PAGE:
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Published Friday 31 May 2019
Tags:General, Media Release

Rate reduction on the cards for many farmers in Mitchell Shire

Large properties that are actively used for agricultural production will see an average rate reduction of 4.65 per cent in Mitchell Shire this year.

Smaller rural properties will see a slight change with an average 1.6 per cent increase.

Compared to general or residential properties, large agricultural properties will also continue to pay 20 per cent less, with smaller rural properties paying 10 per cent less.

The agricultural rate category applies to 701 rural properties who receive a 10 per cent reduction for properties sized 40 to 100 hectares and a 20 per cent reduction for properties larger than 100 hectares.

Rural rates facts

The lower rate level is used to help offset the larger contribution these properties would otherwise make based on the value of the property. It is intended to assist those who are farming their properties to continue to do so.

While property valuation data is still being finalised by the Valuer General’s Office across the state, preliminary data used to prepare Mitchell’s draft budget suggests most properties will receive a reduction or an increase under the 2.5 per cent rate cap.

In the small rural category, 47 per cent of properties will pay less and 78 per cent of properties will either decrease or increase at or below the 2.5 per cent rate cap.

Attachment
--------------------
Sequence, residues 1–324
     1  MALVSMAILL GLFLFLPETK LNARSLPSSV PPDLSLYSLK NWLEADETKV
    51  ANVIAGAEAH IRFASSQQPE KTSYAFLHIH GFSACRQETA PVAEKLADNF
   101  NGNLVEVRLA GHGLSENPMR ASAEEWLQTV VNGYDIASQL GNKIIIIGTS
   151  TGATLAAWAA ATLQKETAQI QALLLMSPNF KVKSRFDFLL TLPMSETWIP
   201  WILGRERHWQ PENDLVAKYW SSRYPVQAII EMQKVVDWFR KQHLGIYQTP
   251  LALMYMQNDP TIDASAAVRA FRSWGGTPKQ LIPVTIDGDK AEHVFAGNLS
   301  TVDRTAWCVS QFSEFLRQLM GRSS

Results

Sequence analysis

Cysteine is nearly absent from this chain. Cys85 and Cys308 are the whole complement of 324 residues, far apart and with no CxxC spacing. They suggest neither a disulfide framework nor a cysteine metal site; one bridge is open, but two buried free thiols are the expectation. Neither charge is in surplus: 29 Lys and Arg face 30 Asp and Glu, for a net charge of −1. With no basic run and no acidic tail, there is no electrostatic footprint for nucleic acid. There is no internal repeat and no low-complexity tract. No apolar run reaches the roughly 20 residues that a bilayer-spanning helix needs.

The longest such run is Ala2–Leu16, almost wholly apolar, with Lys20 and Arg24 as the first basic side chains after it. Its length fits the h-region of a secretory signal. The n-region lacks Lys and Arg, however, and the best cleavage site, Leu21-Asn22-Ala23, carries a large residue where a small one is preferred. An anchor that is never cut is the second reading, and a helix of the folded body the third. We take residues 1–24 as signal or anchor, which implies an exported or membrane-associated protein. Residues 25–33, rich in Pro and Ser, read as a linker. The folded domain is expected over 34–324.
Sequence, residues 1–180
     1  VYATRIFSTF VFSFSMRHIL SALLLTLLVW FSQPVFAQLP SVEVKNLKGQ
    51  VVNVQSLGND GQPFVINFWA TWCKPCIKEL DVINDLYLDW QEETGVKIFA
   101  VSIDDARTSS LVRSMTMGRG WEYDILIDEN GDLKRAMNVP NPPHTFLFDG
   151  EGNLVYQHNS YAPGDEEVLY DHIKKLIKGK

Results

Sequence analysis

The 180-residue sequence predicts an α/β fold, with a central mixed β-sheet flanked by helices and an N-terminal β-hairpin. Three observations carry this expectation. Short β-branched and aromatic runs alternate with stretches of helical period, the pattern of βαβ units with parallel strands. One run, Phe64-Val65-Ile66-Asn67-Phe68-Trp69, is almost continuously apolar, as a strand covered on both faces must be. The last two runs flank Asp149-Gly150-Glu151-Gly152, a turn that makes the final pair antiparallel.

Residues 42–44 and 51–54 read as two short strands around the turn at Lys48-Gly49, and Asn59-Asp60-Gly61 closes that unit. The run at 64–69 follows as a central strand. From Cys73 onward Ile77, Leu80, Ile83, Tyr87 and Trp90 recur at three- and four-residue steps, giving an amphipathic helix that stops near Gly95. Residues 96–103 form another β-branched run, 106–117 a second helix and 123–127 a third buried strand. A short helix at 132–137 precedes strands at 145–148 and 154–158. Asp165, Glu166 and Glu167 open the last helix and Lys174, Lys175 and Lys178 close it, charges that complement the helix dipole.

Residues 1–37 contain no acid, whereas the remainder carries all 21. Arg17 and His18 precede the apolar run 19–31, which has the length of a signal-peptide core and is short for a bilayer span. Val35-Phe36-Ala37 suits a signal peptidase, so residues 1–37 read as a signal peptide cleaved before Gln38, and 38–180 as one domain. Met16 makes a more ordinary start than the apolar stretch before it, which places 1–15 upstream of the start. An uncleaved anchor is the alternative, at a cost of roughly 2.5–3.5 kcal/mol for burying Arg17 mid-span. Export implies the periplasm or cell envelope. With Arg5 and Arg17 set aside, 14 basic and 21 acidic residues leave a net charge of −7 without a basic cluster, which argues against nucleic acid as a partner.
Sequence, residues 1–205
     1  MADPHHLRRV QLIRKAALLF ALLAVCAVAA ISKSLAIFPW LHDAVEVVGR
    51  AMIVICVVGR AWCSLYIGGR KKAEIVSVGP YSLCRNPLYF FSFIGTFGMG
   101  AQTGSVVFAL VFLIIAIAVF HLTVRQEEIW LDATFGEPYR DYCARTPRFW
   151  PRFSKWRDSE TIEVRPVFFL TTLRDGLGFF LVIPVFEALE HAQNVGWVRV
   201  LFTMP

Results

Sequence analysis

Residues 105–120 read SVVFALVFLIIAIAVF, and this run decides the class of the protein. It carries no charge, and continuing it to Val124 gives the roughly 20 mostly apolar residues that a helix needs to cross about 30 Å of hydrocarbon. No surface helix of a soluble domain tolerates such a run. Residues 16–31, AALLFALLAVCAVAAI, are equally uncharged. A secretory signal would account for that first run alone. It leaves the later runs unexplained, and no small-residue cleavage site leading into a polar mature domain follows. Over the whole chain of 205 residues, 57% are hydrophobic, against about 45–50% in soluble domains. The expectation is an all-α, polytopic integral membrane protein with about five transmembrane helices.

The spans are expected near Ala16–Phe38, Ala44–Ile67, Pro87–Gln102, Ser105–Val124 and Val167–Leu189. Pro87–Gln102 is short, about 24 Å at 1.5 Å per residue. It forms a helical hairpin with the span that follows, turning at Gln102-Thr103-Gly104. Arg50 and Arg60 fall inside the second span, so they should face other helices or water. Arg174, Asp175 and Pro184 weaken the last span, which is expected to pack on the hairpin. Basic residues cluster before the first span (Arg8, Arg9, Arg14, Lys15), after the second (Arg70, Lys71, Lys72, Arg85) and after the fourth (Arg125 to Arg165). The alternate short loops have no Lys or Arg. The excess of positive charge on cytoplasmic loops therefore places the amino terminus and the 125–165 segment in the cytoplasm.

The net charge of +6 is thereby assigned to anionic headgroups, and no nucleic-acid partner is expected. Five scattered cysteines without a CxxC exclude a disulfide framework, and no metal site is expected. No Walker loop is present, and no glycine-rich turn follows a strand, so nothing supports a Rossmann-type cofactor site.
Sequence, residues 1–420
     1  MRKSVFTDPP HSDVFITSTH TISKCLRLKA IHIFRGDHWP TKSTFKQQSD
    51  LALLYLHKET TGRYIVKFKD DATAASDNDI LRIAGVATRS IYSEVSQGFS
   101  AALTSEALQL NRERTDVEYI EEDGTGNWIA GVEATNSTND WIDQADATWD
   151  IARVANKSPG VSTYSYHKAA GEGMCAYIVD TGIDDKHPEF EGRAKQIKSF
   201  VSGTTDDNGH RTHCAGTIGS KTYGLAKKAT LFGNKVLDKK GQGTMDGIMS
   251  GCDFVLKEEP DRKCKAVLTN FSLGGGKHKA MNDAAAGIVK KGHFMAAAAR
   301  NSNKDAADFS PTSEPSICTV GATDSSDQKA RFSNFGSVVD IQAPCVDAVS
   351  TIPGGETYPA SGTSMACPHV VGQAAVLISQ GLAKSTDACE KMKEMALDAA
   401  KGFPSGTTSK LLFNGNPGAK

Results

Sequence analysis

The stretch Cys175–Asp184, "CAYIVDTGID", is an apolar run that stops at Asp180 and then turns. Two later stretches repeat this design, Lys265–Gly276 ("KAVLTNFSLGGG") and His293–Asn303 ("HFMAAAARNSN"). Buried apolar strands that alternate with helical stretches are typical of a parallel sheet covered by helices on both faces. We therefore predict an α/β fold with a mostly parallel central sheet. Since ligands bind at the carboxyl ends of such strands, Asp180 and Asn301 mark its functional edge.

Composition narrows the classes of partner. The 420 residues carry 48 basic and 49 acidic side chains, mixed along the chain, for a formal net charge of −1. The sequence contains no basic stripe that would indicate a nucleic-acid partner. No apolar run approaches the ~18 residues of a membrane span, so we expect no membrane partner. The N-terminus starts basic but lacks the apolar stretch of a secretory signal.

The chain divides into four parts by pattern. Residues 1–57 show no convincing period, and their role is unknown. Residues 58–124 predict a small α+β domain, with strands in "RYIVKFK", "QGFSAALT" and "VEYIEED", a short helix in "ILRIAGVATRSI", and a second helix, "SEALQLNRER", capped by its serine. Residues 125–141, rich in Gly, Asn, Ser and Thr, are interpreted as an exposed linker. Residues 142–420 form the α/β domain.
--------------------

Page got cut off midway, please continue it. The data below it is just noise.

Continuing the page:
In the large rural category, 44 per cent of properties will receive a decrease and 71 per cent will receive a decrease or an increase at or below the 2.5 per cent rate cap.

Quotes attributable to Mitchell Shire Mayor, Cr Bill Chisholm

“The current policy position of this Council is that rural properties that are actively used for agricultural production will receive a discount of 10 to 20 per cent compared to properties in the general land category.

“We’re mindful of this when we set the rates each year, but we are limited in how much we can adjust across our different categories. If you change one category, the other categories have to make up the difference.

“Properties need to be largely commercial in nature and seeking to make a profit, or have reasonable prospects of making a profit from the land in the future.

“We know our farmers are doing it tough through a very dry year. Recent media coverage suggesting that rural rates in Mitchell will increase on average by 13.55 per cent just isn’t true. This has caused undue stress and concern for many and we’re very disappointed that these figures are circulating.

“With property values shifting, particularly in the south of the shire, there will be some rural properties who face larger increases, but on the whole, most properties will go down or face an increase at or below the rate cap.”

Quotes attributable to Mitchell Shire Director Governance and Corporate Performance

“Changes in property valuations will directly impact how much each property pays in rates.

“One of the challenges with a rating system based on property value in an urban growth area is the increase in value that some agricultural properties are facing compared to other property values. This is particularly relevant in the south and on the outskirts of towns where demand for rural land is high.

“This year, the majority of rural agricultural properties will pay less in rates or will face an increase below the rate cap. A small number where the property value has increased by more than average will pay more.”